Unsatisfied with my the results of
recent search for a new web feed reader, I created my own
from scratch, called Elfeed. It’s built on top of Emacs and
is available for download through MELPA. I intend it to be
highly extensible, a power user’s web feed reader. It supports both
Atom and RSS.
The design of Elfeed was inspired by notmuch, which is
my e-mail client of choice. I’ve enjoyed the notmuch search
interface and the extensibility of the whole system — a side-effect
of being written in Emacs Lisp — so much that I wanted a similar
interface for my web feed reader.
The search buffer
Unlike many other feed readers, Elfeed is oriented around entries —
the Atom term for articles — rather than feeds. It cares less about
where entries came from and more about listing relevant entries for
reading. This listing is the
*elfeed-search* buffer. It looks like
This buffer is not necessarily about listing unread or recent entries,
it’s a filtered view of all entries in the local Elfeed database.
Hence the “search” buffer. Entries are marked with various tags,
which play a role in view filtering — the notmuch model. By default,
all new entries are tagged
unread (customize with
elfeed-initial-tags). I’ll cover the filtering syntax shortly.
From the search buffer there are a number of ways to interact with
entries. You can select an single entry with the point, or multiple
entries at once with a region, and interact with them.
b: visit the selected entries in a browser
y: copy the selected entry URL to the clipboard
r: mark selected entries as read
u: mark selected entries as unread
+: add a specific tag to selected entries
-: remove a specific tag from selected entries
RET: view selected entry in a buffer
(This list can be viewed within Emacs with the standard
The last action uses the Simple HTTP Renderer (shr), now part of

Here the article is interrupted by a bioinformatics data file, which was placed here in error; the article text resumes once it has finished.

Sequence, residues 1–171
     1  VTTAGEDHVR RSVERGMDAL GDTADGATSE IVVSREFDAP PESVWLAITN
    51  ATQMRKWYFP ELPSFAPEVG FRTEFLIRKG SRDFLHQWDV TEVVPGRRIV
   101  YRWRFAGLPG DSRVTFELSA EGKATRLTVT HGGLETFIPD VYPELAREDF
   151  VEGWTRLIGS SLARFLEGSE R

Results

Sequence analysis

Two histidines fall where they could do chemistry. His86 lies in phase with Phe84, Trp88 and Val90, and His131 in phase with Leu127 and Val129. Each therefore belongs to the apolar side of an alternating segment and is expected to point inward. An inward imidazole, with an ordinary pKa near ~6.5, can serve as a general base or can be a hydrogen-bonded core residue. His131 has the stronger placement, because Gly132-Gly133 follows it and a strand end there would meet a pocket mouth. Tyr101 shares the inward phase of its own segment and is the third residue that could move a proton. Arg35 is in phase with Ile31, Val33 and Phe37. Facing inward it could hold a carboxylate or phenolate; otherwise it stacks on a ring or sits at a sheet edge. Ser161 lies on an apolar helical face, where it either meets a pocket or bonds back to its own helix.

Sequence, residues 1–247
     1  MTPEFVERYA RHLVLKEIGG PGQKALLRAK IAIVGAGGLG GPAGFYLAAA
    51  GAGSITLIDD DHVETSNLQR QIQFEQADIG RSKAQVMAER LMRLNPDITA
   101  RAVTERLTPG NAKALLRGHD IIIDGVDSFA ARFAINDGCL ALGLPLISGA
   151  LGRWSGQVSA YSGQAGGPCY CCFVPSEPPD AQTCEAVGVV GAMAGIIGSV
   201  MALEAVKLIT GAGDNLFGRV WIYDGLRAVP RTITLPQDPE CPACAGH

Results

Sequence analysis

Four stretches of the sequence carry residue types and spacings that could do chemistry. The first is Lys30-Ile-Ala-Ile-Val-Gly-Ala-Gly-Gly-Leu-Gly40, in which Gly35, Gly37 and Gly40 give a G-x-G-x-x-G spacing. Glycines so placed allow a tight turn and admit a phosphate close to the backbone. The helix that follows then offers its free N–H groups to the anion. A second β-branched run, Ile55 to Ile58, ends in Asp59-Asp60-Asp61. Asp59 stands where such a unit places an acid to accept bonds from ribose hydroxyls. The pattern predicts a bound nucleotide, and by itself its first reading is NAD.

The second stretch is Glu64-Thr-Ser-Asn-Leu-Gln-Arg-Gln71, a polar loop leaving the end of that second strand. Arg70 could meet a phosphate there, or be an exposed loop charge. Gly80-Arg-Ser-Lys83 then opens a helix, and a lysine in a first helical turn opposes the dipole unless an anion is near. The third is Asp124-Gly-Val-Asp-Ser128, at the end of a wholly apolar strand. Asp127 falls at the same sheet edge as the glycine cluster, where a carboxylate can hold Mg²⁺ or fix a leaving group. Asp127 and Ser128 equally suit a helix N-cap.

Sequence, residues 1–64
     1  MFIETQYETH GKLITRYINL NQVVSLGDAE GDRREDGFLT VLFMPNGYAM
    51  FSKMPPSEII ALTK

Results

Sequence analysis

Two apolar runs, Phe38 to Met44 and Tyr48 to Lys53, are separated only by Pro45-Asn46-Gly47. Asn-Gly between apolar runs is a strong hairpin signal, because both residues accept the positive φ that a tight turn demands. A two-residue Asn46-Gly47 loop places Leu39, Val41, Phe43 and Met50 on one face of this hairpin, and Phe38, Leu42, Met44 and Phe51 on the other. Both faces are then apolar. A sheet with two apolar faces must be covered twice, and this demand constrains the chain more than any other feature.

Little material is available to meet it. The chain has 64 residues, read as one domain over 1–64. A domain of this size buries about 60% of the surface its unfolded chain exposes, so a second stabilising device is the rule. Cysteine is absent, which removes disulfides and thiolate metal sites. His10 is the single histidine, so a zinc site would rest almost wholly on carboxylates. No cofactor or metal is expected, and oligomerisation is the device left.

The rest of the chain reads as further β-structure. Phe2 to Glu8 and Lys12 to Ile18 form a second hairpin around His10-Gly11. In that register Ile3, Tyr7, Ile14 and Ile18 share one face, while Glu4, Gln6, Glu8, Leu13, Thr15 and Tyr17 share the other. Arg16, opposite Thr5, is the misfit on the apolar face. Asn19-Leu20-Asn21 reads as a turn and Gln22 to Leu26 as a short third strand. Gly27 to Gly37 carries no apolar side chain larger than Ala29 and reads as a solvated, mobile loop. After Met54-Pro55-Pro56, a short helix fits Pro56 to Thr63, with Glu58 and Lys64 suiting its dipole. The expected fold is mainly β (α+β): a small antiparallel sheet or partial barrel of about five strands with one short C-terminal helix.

Emacs, to render entry content into a buffer for viewing. It will even
fetch and display images in the buffer, assuming your Emacs has been
built for it. (Note: the GNU-provided Windows build of Emacs doesn’t
ship with the necessary libraries.) It looks a lot like reading an
e-mail within Emacs,
The standard read-only keys are in action. Space and backspace are for
page up/down. The
p keys switch between the next and
previous entries from the search buffer. The idea is that you should
be able to hop into the first entry and work your way along reading
them within Emacs when possible.
Elfeed maintains a database in
~/.elfeed/ (configurable). It will
start out empty because you need to tell it what feeds you’d like to
follow. List your feeds
elfeed-feeds variable. You would do this in
.emacs or other initialization files.
Once set, hitting
G (capitalized) in the search buffer or running
elfeed-update will tell Elfeed to fetch each of these feeds and load
in their entries. Entries will populate the search buffer as they are
discovered (assuming they pass the current filter), where they can be
immediately acted upon. Pressing
g (lower case) refreshes the search
buffer view without fetching any feeds.
Everything fetched will be added to the database for next time you run
Emacs. It’s not required at all in order to use Elfeed, but I’ll
discuss some of
the details of the database format in another post.
The search filter
s in the search buffer will allow you to edit the search
filter in action.
There are three kinds of ways to filter on entries, in order of
efficiency: by age, by tag, and by regular expression. For an entry to
be shown, it must pass each of the space-delimited components of the
Ages are described by plain language relative time, starting with
This component is ultimately parsed by Emacs’
function. Here are some examples.
Tag filters start with
+, entries must be tagged
with that tag. When
-, entries must not be tagged with that tag.
+unread: show only unread posts.